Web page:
Among the big four Eurozone economies, i.e. Germany, France, Spain and Italy, it’s clear which two are the growth drivers. Of the others, that is Spain and Italy; Italy was considered to be the more stable. Spain’s bonds were deemed riskier and its banking sector weaker. But that is a thing of the past. As it stands today, Italy has overtaken Spain to become the weakest link among the Eurozone’s largest economies, with a banking sector desperately in need of a bailout. And if Italy’s banking crisis is a rerun of Spain’s, we can certainly expect some troubles in the Eurozone and, consequently, for the Euro.
Spain vs. Italy in Two Charts
When we compare data on the Italian economy vs. the Spanish economy, we can see an interesting picture emerging. When we examine the trend in bankruptcies filed for both economies, it’s clear that both countries had relatively the same trend in bankruptcies until very recently. Bankruptcies in Italy have started to surge while bankruptcies in Spain have been decreasing.
In the bond markets of the two countries, a clear divergence is occurring. Credit Default Swaps for Spain and Italy, which had moved in tandem in the past (with higher risk premiums for Spain), started to diverge back in 2014. Credit Default Swaps for Italy are now much higher. Continue reading "Italy Overtakes Spain As Weakest Link"→
It's been five years since the Financial Times first made use of one of the less flattering economic acronyms: PIIGS. Back then, Portugal, Ireland, Italy, Greece and Spain were seen as economic basket cases, and it was widely assumed that one or several of them would eventually default on their massive debt burdens.
While such an event has yet to pass, Greece remains quite sickly, and Portugal and Italy continue to wrestle with profound economic dislocation. To varying degrees, these countries have failed to embrace the badly-needed economic reforms that are essential to sow the seeds of a lasting economic recovery.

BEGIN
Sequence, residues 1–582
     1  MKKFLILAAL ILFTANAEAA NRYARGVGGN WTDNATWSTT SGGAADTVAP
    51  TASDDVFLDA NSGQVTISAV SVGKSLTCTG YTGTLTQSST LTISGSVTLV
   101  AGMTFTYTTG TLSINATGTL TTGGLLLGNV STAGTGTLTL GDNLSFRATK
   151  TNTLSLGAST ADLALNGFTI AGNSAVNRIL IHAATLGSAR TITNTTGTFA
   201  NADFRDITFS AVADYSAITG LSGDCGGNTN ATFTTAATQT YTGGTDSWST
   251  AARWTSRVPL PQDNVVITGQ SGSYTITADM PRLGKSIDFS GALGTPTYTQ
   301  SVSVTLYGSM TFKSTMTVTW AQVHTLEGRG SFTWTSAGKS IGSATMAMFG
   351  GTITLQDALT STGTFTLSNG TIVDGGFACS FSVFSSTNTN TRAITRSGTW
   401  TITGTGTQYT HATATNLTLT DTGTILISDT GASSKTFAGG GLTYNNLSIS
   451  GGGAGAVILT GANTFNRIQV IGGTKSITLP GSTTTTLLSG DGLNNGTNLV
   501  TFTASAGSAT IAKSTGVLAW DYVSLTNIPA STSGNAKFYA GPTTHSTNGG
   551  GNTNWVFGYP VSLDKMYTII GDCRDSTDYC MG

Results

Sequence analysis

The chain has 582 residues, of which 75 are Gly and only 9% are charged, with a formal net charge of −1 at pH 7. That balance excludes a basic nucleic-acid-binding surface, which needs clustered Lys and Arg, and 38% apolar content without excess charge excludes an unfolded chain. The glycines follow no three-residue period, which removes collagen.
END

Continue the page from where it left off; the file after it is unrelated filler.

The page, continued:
Yet despite heavy odds, Ireland and Spain are clearly on the comeback trail. Thanks to broad-based reform packages, their economies have begun to turn the corner. And with the aid of a very competitive currency, their futures are looking far brighter than most would have suspected just a few years ago. For investors, exposure to these dynamic turnaround stories can be had through a pair of country-specific exchange-traded funds (ETFs).
Ireland Is Back In Business
Ireland and its citizens are remarkably resilient. They have been through myriad crises over the past two centuries, and always manage to bounce back. Most recently, they saw the country's economy crash and burn in the economic crisis of 2008-2009. Irish banks eventually grew so weak that a wave of bankruptcies were a real possibility. By 2012, unemployment in the country had risen to nearly 15%. Continue reading "Are These The Greatest Success Stories In Europe?"→
The drama of the Fiscal Cliff and the recent sequestration circus, plus the trials and tribulations of these four countries (which have run up huge deficits) have been well documented and known for quite some time. What is more important, in my opinion, is not the size of the debt which is staggering, but rather what is happening in the market and the market's perception of current events.
Market perception trumps everything else out there. Market perception trumps market fundamentals every time. Market perception is the one card that the government cannot control. It is the card that can potentially give the individual trader an edge.
The trials and tribulations of these four countries (that have run up huge deficits) have been well known for quite some time. What is more important in my opinion is not the size of the debt, which is staggering, but rather what is going on with market perception.